by Sean Ruck
, Contributing Editor | November 04, 2014
From the August 2014 issue of HealthCare Business News magazine
Lynch also points out what he feels is a broken system for incentivizing hospital materials managers. “Unfortunately, materials managers are paid to purchase the equipment as cheaply as they can on the frontend. This actually incentivizes them to sign long-term service agreements. They may get a savings up front of 10 percent and sign a service contract that gives back 20 percent to the manufacturer,” he says.
“I believe that the rewards for GPOs and material managers don’t look at the long term. These agreements are often signed before we in clinical engineering even know the equipment is on the table for purchase.”
History lessons help guide service
Nearly everyone in the service sector agrees that one-size does not fit all when it comes to service contracts. But that still doesn’t prevent some from selling a one-size solution. That’s why Rick Stockton, president of Atlas Medical Technologies, places emphasis on looking at the history of a machine before finalizing a service contract. “If you look at the history of the machine, it may not have had a problem in a particular area,” he says. “So we’d rewrite the contract based on what they need.”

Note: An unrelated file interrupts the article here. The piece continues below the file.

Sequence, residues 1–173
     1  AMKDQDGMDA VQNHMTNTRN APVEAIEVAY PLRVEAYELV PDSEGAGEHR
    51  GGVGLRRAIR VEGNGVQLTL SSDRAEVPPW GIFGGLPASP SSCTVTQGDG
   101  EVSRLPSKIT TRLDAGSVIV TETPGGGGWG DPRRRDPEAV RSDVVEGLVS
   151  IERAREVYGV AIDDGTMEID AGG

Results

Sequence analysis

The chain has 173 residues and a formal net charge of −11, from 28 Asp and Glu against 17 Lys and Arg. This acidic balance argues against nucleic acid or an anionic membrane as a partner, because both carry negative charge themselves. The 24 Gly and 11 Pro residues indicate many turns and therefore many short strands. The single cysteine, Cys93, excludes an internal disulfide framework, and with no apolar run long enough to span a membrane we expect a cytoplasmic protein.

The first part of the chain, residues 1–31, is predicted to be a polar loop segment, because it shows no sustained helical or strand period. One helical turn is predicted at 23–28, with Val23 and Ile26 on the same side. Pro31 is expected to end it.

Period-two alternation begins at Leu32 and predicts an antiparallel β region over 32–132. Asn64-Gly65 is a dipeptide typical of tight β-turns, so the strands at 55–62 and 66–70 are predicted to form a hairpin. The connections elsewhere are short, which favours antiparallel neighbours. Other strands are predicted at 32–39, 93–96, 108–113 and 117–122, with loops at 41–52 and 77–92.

Customers may have a full-service contract, or may opt for a shared-risk contract. “If you’re not being utilized, you’re not paying,” he says. And if you do need service, the contract is set so that the customer will pay up to a certain amount and once the threshold is hit, Atlas covers the additional.
“We’ve reduced their overall expenditure to run the scanners and the liability hasn’t changed at all on the equipment,” says Stockton. But each customer needs to work with their provider to figure out the best fit for their needs. And they should be wary of the fine print. “There are so many things buried in these contracts ,” Stockton warns. “For example, if you exceed the mAs bracket (the milliamp seconds or tube usage) they have set, then you pay a larger contract cost and that’s also then the contract agreement that they give you for the following year because that’s what they’re recorded as running under.”
Stockton says one of the driving factors in how Atlas does business is based on an aversion to diversion. That is, his team wants to do everything in their power to avoid diverting patients to another facility knowing that valuable minutes are lost when diversions occur. “If it was your family, you wouldn’t want to have a diversion,” Stockton says. “We need to have the scanner up and running as fast as possible.”
Patient safety and staff efficiency
Echoing the commitment to the real customer — the patient — Jim Spearman, president and CEO of Consensys Imaging Service says patient safety and staff efficiency are the key factors to consider for any successful service organization. If staff is frustrated with downtime or equipment not operating up to expectations, they’re less efficient. That drop in efficiency trickles down into the patient care. Even if staff provides the proper level of care, lower efficiency means patients will be less satisfied.